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Beans Boost Health in Type 2 Diabetes

Beans Boost Health in Type 2 Diabetes: Main Image
Legumes can improve markers of blood sugar control, blood pressure, and coronary heart disease risk
While type 2 diabetes has become more common, it’s reassuring to know that sensible lifestyle approaches can keep many of the disease’s complications at bay. This includes a healthy diet, and in particular, eating plenty of pulses—beans, chickpeas, and lentils. These nutritional powerhouses may play a special role in maintaining the health of people living with type 2 diabetes.

Lower glycaemic index, better health?

To study the potential health benefits of adding beans into the diet, researchers randomly selected 121 adults with type 2 diabetes to follow a low-glycaemic-index diet that included one cup of pulses per day, or a high wheat fibre diet, which significantly increased insoluble fibre intake.

The study participants followed the diets for three months, and completed food records to ensure they met the goals of their assigned eating plan. Researchers collected blood samples, blood pressure readings, weight, and waist circumference measurements approximately every two weeks during the study. At the end of the study, participants were asked to rate gastrointestinal symptoms, such as abdominal pain, bloating, and wind.

A marker of blood sugar control (haemoglobin A1C), systolic blood pressure (the top number), and their calculated coronary heart disease risk score all decreased in the low-glycaemic-index, high-pulse group compared with people on the high-wheat-fibre diet. There were no differences in gastrointestinal symptoms between the pulse and wheat fibre groups.

Beans for better well-being

This trial suggests pulses, more so than wheat fibre, can improve markers of blood sugar control, blood pressure, and coronary heart disease risk. The study did not consider how pulses affect diabetes and heart disease directly—the researchers didn’t follow participants long enough to see how pulses might affect risk of heart attack or diabetes complications, for example. Still, the results suggest eating more beans, chickpeas, and lentils may enhance metabolic and cardiovascular health in people with type 2 diabetes.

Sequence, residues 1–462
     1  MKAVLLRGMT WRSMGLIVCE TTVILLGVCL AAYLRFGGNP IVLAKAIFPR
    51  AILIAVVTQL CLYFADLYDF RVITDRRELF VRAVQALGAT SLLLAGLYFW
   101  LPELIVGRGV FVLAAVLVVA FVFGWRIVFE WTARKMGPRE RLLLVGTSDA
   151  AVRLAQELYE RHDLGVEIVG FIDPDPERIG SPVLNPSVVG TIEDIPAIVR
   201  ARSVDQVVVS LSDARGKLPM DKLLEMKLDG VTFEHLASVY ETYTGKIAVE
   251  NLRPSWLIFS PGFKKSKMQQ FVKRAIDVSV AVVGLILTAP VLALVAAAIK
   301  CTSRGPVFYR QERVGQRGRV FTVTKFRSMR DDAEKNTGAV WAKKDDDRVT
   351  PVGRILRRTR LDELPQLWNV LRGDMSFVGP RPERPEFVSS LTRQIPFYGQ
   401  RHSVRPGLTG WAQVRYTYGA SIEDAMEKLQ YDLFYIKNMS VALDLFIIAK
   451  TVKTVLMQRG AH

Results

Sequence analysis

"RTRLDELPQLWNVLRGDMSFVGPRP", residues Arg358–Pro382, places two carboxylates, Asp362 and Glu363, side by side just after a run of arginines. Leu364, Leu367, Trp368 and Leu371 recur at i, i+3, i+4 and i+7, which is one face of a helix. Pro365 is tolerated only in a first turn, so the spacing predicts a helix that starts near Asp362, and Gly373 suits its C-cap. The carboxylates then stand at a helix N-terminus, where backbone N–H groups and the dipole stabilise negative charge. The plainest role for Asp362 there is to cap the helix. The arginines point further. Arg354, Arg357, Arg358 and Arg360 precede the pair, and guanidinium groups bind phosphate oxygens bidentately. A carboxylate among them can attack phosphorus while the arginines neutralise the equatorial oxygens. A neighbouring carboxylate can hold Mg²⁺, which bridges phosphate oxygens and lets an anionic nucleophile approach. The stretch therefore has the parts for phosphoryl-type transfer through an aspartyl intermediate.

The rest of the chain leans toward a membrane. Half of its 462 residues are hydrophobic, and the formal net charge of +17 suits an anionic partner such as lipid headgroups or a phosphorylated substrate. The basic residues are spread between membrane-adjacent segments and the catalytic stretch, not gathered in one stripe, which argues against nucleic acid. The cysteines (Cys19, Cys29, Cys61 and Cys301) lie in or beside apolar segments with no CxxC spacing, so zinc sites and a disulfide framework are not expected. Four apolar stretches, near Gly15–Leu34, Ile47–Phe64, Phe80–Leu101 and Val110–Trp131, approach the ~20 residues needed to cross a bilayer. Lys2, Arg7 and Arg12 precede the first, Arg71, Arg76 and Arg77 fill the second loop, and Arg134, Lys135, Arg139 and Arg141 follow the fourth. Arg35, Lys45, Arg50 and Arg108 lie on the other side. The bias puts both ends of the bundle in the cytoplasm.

Our tips can help you add more pulses into your heart-healthy, diabetes-friendly eating plan, which Dr. David Jenkins, lead author on the study notes, “will help you keep your blood pressure down and your blood glucose under control, and help you keep your cholesterol down.”

  • Start slowly. To minimise wind and other digestive woes, start with a few spoonfuls of beans per day, sprinkled on salad or added to soups. Drink plenty of water to aid digestion, and as your body adapts, add more beans over time. Many people who have trouble eating beans simply eat too many at one time, which can overwhelm the digestive system.
  • Rinse well. When using tinned beans, rinse them thoroughly in a colander, to remove the liquid and excess starch. This may cut down on wind for many people.
  • Consider your needs. For most healthy people, there are no downsides to eating more pulses, but if you have digestive issues, such as irritable bowel syndrome or inflammatory bowel disease, talk to a knowledgeable doctor or dietitian about if and how to safely add beans into your eating plan.
  • Plan ahead. Dried beans are very inexpensive, making them an appealing source of protein, but plan ahead to make the most of them. Soak overnight, or during the day while at work, so they are ready for cooking the following evening.

(Arch Intern Med 2012, doi: 10.1001/2013.jamainternmed.70)

Suzanne Dixon, MPH, MS, RD, an author, speaker, and internationally recognised expert in chronic disease prevention, epidemiology, and nutrition, has taught medical, nursing, public health, and alternative medicine coursework. She has delivered over 150 invited lectures to health professionals and consumers and is the creator of a nutrition website acclaimed by the New York Times and Time magazine. Suzanne received her training in epidemiology and nutrition at the University of Michigan, School of Public Health at Ann Arbor.